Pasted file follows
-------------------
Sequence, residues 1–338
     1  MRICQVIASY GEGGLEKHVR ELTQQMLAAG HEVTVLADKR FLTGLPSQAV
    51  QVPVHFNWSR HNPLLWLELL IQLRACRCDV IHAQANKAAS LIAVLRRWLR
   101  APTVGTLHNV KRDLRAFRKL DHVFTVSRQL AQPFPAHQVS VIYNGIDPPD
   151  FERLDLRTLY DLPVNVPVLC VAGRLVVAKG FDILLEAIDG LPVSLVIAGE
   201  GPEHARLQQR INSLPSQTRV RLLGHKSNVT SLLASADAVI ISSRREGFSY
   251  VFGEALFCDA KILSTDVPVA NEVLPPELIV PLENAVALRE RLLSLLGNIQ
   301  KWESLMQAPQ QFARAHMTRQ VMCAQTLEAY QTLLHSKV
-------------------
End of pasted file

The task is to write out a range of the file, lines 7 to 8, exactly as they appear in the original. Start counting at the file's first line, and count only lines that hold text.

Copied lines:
   251  VFGEALFCDA KILSTDVPVA NEVLPPELIV PLENAVALRE RLLSLLGNIQ
   301  KWESLMQAPQ QFARAHMTRQ VMCAQTLEAY QTLLHSKV